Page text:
VLT captures first direct exoplanet spectrum
DR EMILY BALDWIN
Posted: 13 January 2010
Astronomers using the Very Large Telescope (VLT) have obtained the first direct spectrum of one of three Jupiter-like planets orbiting the young star HR 8799.
The three planets in the 130 light year distant system were discovered in 2008, and have masses between seven and ten times that of Jupiter. The planets orbit the central star, which has a mass 1.5 times that of the Sun, at distances between 20 and 70 times the Earth-Sun separation. The system also contains two belts of debris analogous to the Asteroid Belt and Kupier Belt of our own Solar System.This montage shows the image and the spectrum of the star and the planet as seen with the NACO adaptive optics instrument on ESO’s VLT. Several instrument artifacts are present, such as internal reflections (ghosts) and diffraction rings. Image: ESO/M. Janson.
Now, for the first time, astronomers have obtained the first spectrum of an exoplanet orbiting an almost Sun-like star, providing information on the planet's formation and composition.
“The spectrum of a planet is like a fingerprint. It provides key information about the chemical elements in the planet’s atmosphere,” says Markus Janson, lead author of a new paper describing the results presented in the Astrophysical Journal. “With this information, we can better understand how the planet formed and, in the future, we might even be able to find tell-tale signs of the presence of life.” The planet chosen for the study was the middle planet of the system, ten times the mass of Jupiter and with a temperature of 800 degrees Celsius. “After more than five hours of exposure time, we were able to tease out the planet's spectrum from the host star's much brighter light,” says team member Carolina Bergfors.Gemini Observatory discovery image showing two of the three confirmed planets indicated as b and c. Due to the brightness of the central star, it has been blocked and appears blank in this image to increase visibility of the planets. HR 8799c provided the focus for the new VLT study of the planet's spectrum. Image: Gemini Observatory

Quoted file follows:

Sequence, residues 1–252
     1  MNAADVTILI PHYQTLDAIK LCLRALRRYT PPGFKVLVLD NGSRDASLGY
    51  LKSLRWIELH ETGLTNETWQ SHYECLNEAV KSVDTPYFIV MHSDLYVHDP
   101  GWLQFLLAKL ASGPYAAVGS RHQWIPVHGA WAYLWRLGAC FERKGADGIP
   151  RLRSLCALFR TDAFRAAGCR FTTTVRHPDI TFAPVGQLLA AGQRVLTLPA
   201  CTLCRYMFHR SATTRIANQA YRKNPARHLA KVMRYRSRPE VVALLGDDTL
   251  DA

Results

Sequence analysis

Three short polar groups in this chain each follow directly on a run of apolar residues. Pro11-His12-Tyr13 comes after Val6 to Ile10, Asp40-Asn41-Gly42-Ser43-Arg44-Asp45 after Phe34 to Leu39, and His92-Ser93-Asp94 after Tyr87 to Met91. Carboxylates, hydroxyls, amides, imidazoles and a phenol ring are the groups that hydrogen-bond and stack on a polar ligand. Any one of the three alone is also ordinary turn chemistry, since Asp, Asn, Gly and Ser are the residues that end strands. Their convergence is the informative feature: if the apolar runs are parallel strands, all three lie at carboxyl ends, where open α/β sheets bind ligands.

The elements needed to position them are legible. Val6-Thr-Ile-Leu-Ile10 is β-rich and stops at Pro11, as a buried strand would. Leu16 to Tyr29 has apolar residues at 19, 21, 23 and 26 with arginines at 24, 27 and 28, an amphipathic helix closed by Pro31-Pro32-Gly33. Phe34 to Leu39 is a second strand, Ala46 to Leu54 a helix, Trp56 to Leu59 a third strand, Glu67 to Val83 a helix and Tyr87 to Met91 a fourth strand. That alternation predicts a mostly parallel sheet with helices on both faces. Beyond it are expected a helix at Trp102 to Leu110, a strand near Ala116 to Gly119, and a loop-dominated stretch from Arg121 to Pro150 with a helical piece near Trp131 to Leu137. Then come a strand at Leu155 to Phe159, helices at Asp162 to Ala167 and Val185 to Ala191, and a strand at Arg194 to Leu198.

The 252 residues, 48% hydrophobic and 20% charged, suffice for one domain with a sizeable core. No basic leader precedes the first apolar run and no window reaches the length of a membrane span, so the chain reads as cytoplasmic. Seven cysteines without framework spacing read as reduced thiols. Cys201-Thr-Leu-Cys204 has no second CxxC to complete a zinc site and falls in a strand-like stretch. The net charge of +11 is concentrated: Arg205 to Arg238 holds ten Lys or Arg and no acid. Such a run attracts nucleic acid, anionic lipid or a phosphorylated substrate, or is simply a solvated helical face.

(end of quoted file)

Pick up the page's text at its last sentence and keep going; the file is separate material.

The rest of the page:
The observation was made possible by the infrared instrument NACO on the VLT, and its adaptive optics system that counteracts image distortion normally caused by ground-based observing through the Earth's atmosphere. Since the star is several thousand times brighter than the planet, this is a remarkable technological achievement – it is like trying to see what a candle is made of by observing it from a distance of two kilometres when it’s next to a blindingly bright 300 Watt lamp. Until now, spectra were obtained by space-based observatories watching as an exoplanet passes directly behind its parent star, and comparing the light of the star before and after, a technique that relies on a favourable orientation of the planet to the star. In contrast, the ground-based observations are not limited by the orientation of the planet's orbit.
In the case of HR 8799c, the team found that the spectrum differed from existing theoretical models, suggesting that phenomena such as cloud structure or dust contained in the planet's atmosphere need to be treated in more detail in the models.
“The features observed in the spectrum are not compatible with current theoretical models,” says co-author Wolfgang Brandner. “We need to take into account a more detailed description of the atmospheric dust clouds, or accept that the atmosphere has a different chemical composition from that previously assumed.”
The astronomers will next try and obtain spectra for the two other planets in the system, in order to make comparisons between the planets, and shed light on the processes that formed the planetary system, which may be similar to how our own Solar System formed.
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